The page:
All of that said, Toy Story 3 does manage to wring some new and original things out of the premise and takes the series in different directions. For a certain amount of the way into the film, I sat there thinking that all it seemed to be doing was bringing the familiar characters on – and by now with two films behind them, this has become quite an ensemble – and giving each of them a piece that plays to their familiar comedic quirks. Some of the film touches familiar territory – sections where the toys are separated and must go on an epic journey into the big outside world; Woody trying to assert his authority and get the others to believe him; the three-eyed aliens that seem to do nothing other than worship The Claw; a big dramatic climactic number racing to save the toys from irretrievable separation/destruction. Here Toy Story 3 seems to be playing the safe and easy route in this respect.
However, we then come to the ingenious concept of the daycare centre. When introduced, it initially seems to be a toy vision of Utopia and there is a cleverness to its glowing depiction of a world where toys can be perpetually played with and not forgotten. We see then this subverted into a totalitarian nightmare – certainly, the darkest that the Toy Story series has gotten so far – with toy trucks ominously prowling the hallways and the wonderfully sinister and demented character of a cymbal-clapping monkey who monitors the security cameras.
The film also introduces the first toy villain into the Toy Story series – a genial and wisely teddy bear that “smells of strawberries” whose love for its owner has gone bad – where the role is given a superb voicing job by Ned Beatty. The film also allows its characters to mature and the end of the film where Andy finally departs for college and introduces the toys to a new home is tearfully heart-rendering (something that Pixar have developed to an artform in the last couple of years). It is a beautiful way for the Toy Story series to go out.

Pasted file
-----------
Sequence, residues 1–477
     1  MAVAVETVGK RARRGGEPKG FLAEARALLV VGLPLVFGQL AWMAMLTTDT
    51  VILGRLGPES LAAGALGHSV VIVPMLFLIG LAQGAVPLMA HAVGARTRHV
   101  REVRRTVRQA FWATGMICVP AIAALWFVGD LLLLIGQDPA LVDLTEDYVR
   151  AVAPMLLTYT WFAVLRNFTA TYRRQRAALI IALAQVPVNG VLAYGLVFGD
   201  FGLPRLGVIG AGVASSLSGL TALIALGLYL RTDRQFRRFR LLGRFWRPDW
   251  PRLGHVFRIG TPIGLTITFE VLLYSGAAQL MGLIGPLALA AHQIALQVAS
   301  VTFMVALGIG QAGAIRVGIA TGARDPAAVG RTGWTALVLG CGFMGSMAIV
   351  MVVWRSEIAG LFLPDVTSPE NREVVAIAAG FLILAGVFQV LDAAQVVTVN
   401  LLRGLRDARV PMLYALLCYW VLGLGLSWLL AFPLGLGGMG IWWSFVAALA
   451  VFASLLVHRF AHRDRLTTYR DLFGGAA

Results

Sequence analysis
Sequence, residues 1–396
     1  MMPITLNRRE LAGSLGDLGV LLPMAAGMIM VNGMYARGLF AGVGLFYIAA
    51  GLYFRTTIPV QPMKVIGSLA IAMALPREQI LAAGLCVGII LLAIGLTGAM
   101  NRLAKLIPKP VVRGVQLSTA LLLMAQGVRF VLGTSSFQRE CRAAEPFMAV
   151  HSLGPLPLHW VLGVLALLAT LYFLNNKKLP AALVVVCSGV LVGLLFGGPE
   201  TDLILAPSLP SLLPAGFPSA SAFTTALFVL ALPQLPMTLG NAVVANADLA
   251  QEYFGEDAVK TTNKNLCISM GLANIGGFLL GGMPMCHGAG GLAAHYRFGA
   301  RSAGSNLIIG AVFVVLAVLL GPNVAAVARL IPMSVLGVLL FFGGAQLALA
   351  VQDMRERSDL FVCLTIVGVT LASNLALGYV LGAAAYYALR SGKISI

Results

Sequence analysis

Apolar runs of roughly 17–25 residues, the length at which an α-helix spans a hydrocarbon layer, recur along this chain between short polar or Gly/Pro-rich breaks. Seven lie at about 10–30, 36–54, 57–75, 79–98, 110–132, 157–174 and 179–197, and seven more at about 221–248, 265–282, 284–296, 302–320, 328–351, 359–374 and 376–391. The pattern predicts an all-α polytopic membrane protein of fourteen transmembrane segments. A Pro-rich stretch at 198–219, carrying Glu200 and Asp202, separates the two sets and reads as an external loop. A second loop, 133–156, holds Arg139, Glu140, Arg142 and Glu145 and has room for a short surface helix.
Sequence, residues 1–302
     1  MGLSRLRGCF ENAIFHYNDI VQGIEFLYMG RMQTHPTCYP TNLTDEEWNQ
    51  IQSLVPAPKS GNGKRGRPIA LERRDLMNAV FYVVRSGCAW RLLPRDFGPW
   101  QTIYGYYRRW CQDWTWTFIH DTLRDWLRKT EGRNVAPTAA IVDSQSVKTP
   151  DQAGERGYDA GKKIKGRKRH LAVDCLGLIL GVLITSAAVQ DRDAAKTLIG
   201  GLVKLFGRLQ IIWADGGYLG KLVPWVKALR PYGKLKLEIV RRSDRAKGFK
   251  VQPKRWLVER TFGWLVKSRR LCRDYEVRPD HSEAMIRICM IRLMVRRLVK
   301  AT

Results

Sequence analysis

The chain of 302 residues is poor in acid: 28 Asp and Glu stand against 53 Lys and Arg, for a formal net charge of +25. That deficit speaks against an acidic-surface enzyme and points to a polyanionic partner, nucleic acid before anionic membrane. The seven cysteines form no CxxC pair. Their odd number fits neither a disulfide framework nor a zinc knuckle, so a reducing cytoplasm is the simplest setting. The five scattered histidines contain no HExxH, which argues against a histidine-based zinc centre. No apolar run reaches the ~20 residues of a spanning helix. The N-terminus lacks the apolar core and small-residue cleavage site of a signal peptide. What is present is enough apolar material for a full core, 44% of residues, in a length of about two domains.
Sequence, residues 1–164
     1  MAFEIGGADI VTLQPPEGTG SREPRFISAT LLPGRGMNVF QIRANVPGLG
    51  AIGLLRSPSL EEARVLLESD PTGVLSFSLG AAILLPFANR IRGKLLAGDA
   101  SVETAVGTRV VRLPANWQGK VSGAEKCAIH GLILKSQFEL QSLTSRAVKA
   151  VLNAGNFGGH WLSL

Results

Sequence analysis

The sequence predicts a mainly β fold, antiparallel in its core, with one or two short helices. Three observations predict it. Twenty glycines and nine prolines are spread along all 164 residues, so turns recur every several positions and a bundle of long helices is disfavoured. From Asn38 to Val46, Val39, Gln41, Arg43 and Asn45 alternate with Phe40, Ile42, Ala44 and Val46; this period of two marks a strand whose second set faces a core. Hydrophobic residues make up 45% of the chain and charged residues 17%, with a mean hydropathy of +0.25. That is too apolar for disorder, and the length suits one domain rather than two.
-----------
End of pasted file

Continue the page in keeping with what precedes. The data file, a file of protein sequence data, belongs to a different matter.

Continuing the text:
In between the big story/character arcs, Toy Story 3 does the humour scenes with all the customary witty and clever Pixar flourishes. There are some immensely enjoyable pieces with Barbie finally encountering Ken who romances her with the corniest lines while we see him in his outfitted glory, albeit resenting being regarded as a feminised accessory; Mr Potato Head’s banishing to the sandpit and attempting to create a new body for his parts using a tortilla; even Barbie’s surprise quoting of Jeffersonian principles; and of course the activation of the Spanish-language function for Buzz Lightyear and his transformation into a Latin lothario. As with the other two films, everything builds to a big dramatic climax with a great sense of moment and proves surprisingly more satisfying than one would have thought.
This was followed by Toy Story 4 (2019).